Your Wellness Guide: Take Care

Take moments during each day to center yourself with meditation and mindfulness.
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Find peace of mind: If you’re a beginner, start a meditation with small steps by lighting a candle and focusing on your breath. (ROBERTO GONZALEZ)

When Fern Ochakoff of Altamonte Springs first began meditating in the 1980s, she never felt totally comfortable doing it. She tried to master it, but found her thoughts would wander. Seeking guidance, Ochakoff turned to Tracy Wosaba, a certified instructor and founder of Winter Park Meditation & Mindfulness. “Tracy taught me to observe the flow of my inner thoughts and emotions without judging them as something good or bad,” says Ochakoff, who how meditates on her patio four times a week—or more if she’s feeling stressed, which isn’t often. “I enjoy the peacefulness meditation gives me,” she says.

The past year has been a challenging time for everyone—even those not directly affected by the pandemic. Chronic stress and anxiety can affect both physical and mental health, potentially leading to numerous ailments including depression, digestive problems, headaches, heart disease, high blood pressure, inability to focus, insomnia, moodiness, tense muscles and a weakened immune system.

To cope, many people have been turning to a variety of tools to boost their mental and physical well-being, including CBD products, meditation and practicing mindfulness. Unsurprisingly, meditation apps (such as Calm and Headspace) saw a spike in usage in 2020. Headspace has reported a 20 percent increase since mid-March, while Calm has seen a 50 percent increase in its daily downloads.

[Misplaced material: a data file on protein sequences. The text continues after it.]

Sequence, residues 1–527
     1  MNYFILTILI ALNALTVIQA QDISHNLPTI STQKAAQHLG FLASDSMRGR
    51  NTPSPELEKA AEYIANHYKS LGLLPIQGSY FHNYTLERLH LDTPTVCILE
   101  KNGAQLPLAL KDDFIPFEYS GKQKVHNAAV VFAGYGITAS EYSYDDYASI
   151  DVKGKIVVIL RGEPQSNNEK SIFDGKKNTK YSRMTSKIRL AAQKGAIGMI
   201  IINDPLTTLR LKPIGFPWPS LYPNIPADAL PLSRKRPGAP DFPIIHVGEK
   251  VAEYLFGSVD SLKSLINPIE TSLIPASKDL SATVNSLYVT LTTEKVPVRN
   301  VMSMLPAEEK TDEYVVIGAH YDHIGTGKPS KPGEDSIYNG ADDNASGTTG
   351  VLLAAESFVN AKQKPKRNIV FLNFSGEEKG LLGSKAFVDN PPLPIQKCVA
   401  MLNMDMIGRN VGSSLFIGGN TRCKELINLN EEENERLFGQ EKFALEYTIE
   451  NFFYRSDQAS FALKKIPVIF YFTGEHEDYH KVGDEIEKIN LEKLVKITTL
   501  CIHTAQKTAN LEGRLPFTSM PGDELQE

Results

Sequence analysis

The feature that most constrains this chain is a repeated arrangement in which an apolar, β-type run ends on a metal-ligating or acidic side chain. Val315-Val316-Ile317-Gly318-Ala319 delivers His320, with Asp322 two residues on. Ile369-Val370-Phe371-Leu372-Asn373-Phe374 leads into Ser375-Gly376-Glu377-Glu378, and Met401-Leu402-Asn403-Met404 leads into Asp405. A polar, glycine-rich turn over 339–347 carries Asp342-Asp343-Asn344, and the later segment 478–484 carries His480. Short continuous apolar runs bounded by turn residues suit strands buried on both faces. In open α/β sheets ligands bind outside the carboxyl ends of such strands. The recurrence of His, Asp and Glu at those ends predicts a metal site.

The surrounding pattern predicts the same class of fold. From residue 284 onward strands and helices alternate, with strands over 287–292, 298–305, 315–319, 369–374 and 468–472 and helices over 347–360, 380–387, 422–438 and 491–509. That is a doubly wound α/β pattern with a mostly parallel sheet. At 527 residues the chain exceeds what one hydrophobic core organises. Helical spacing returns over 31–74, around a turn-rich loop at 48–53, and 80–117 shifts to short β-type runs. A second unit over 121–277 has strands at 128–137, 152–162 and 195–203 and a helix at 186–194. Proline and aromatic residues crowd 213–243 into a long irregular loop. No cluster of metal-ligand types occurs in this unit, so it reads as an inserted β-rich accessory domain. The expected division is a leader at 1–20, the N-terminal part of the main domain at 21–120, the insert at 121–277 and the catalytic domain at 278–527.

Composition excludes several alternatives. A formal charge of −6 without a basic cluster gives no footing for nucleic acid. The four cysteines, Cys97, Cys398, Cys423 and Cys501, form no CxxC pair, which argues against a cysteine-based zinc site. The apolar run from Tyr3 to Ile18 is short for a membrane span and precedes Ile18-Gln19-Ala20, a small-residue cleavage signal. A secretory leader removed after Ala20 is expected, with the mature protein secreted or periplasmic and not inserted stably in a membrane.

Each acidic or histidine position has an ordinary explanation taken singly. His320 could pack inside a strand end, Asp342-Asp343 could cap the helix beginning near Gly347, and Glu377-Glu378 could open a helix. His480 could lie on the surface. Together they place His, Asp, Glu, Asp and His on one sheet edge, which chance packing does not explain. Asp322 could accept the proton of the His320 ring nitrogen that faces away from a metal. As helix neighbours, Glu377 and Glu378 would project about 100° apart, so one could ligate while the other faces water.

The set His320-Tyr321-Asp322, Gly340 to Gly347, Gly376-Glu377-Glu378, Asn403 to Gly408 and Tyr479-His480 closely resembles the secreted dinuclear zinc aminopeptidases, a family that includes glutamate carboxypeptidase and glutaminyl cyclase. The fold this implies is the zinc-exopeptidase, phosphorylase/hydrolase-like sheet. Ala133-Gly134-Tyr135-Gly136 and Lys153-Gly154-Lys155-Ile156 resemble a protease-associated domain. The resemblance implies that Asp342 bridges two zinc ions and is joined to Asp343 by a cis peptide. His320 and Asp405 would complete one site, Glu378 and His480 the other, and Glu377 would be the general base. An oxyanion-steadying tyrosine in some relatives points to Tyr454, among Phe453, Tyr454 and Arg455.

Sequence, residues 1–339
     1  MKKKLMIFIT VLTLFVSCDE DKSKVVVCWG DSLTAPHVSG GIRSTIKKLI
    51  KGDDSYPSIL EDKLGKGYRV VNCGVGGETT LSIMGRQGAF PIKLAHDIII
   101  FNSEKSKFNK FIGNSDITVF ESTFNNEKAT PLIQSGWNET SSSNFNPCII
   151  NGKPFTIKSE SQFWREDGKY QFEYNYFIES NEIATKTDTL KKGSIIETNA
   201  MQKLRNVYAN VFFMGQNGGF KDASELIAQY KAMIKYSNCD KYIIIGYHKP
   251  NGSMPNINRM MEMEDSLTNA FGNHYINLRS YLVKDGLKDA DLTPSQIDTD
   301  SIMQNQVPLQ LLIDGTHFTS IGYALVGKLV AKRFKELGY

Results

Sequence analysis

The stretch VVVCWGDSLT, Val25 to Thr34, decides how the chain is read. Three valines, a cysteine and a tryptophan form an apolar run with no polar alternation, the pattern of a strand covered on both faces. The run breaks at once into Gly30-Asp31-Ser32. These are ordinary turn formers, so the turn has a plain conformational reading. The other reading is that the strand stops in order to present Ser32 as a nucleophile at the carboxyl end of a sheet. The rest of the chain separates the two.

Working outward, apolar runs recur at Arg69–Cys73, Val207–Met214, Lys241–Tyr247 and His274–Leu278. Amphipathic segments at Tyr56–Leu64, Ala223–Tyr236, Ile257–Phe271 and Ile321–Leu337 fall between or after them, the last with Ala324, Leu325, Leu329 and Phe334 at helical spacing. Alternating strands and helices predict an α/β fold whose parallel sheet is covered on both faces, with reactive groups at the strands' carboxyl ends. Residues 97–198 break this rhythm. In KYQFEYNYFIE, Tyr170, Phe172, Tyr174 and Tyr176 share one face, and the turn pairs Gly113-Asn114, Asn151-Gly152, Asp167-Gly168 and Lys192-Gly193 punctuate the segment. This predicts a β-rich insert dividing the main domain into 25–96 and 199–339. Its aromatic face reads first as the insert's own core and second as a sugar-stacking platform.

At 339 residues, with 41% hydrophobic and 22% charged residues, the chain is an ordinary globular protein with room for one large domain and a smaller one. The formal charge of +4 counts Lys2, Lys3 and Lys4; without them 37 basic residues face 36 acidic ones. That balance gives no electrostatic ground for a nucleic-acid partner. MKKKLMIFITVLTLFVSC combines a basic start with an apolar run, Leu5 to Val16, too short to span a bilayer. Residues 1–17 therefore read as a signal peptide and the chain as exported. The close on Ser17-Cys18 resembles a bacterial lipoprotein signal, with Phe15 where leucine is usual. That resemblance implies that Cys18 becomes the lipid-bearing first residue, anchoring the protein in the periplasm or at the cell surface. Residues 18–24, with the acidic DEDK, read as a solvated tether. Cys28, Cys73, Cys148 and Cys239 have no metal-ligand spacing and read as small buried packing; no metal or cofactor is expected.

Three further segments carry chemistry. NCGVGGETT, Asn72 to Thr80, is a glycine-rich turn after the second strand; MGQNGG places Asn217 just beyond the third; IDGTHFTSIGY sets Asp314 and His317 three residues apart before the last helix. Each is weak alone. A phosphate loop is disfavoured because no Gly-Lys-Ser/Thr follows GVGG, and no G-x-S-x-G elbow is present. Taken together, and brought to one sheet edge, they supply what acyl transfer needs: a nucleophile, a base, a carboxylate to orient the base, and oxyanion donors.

Finding Your Zen

“Living primarily through an outer focus has become an epidemic in society,” explains Wosaba, noting that this often contributes to inner discord. “At its core, meditation is an ancient technique that has been scientifically proven to calm the nervous system and build a better brain.”

Meditation offers many benefits including helping to improve focus, mental clarity, immunity, sleep, digestion, weight management, productivity and performance.

While many different types of meditation exist, the common denominator is having a focus, Wosaba says. “Thoughts are organically interrupted and then settle down, which allows for that mind/body/spirit connection to occur,” she explains. “There’s a change in brainwave patterns, so meditation is really a form of restful awareness.”

Julie Sachse agrees. In 2015, she launched SAX Meditation in Orlando to provide meditation training to the corporate world. “Meditation is finding a way to stop all of life’s distractions and chaos and—especially during these difficult times—the grief and anxiety that’s building within,” she says.

Sachse knows the soothing effects of meditation firsthand. When her husband unexpectedly passed away in 2017, she relied heavily on her daily meditation practice to pull her through. “As time went on, I really saw the benefits of how meditation was helping me,” she says, noting that the advantages of quieting your mind build gradually over weeks and months.

Need a little help getting started? Wosaba and Sachse share these simple, accessible meditation techniques:

  • Focus on the breath. Breathe in for a count of seven and out for 11. Focus on your breath—how it feels as you inhale, how it looks as your belly expands, how it sounds as you exhale.